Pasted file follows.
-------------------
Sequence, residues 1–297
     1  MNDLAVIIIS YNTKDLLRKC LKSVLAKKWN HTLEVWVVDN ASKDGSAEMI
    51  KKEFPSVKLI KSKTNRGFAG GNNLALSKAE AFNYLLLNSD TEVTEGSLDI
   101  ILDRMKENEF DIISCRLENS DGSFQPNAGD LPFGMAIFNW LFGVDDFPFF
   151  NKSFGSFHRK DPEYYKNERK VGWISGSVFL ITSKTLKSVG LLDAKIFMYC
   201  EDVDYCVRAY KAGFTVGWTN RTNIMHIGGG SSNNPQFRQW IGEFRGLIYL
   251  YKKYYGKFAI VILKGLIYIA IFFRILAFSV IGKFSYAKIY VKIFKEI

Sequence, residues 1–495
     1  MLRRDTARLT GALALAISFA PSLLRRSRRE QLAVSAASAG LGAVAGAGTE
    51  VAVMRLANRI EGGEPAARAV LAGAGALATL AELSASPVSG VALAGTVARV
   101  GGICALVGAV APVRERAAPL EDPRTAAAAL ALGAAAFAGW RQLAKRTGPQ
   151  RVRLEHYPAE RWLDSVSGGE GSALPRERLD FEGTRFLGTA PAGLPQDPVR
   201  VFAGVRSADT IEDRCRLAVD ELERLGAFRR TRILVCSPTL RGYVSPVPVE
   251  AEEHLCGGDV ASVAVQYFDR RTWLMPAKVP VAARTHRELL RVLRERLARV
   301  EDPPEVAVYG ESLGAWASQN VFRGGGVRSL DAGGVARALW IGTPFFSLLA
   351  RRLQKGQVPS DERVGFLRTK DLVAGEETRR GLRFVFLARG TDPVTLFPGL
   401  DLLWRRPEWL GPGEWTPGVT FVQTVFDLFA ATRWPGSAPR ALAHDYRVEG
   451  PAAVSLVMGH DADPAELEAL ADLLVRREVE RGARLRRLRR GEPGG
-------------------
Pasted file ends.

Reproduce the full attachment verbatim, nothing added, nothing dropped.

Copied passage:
Sequence, residues 1–297
     1  MNDLAVIIIS YNTKDLLRKC LKSVLAKKWN HTLEVWVVDN ASKDGSAEMI
    51  KKEFPSVKLI KSKTNRGFAG GNNLALSKAE AFNYLLLNSD TEVTEGSLDI
   101  ILDRMKENEF DIISCRLENS DGSFQPNAGD LPFGMAIFNW LFGVDDFPFF
   151  NKSFGSFHRK DPEYYKNERK VGWISGSVFL ITSKTLKSVG LLDAKIFMYC
   201  EDVDYCVRAY KAGFTVGWTN RTNIMHIGGG SSNNPQFRQW IGEFRGLIYL
   251  YKKYYGKFAI VILKGLIYIA IFFRILAFSV IGKFSYAKIY VKIFKEI

Sequence, residues 1–495
     1  MLRRDTARLT GALALAISFA PSLLRRSRRE QLAVSAASAG LGAVAGAGTE
    51  VAVMRLANRI EGGEPAARAV LAGAGALATL AELSASPVSG VALAGTVARV
   101  GGICALVGAV APVRERAAPL EDPRTAAAAL ALGAAAFAGW RQLAKRTGPQ
   151  RVRLEHYPAE RWLDSVSGGE GSALPRERLD FEGTRFLGTA PAGLPQDPVR
   201  VFAGVRSADT IEDRCRLAVD ELERLGAFRR TRILVCSPTL RGYVSPVPVE
   251  AEEHLCGGDV ASVAVQYFDR RTWLMPAKVP VAARTHRELL RVLRERLARV
   301  EDPPEVAVYG ESLGAWASQN VFRGGGVRSL DAGGVARALW IGTPFFSLLA
   351  RRLQKGQVPS DERVGFLRTK DLVAGEETRR GLRFVFLARG TDPVTLFPGL
   401  DLLWRRPEWL GPGEWTPGVT FVQTVFDLFA ATRWPGSAPR ALAHDYRVEG
   451  PAAVSLVMGH DADPAELEAL ADLLVRREVE RGARLRRLRR GEPGG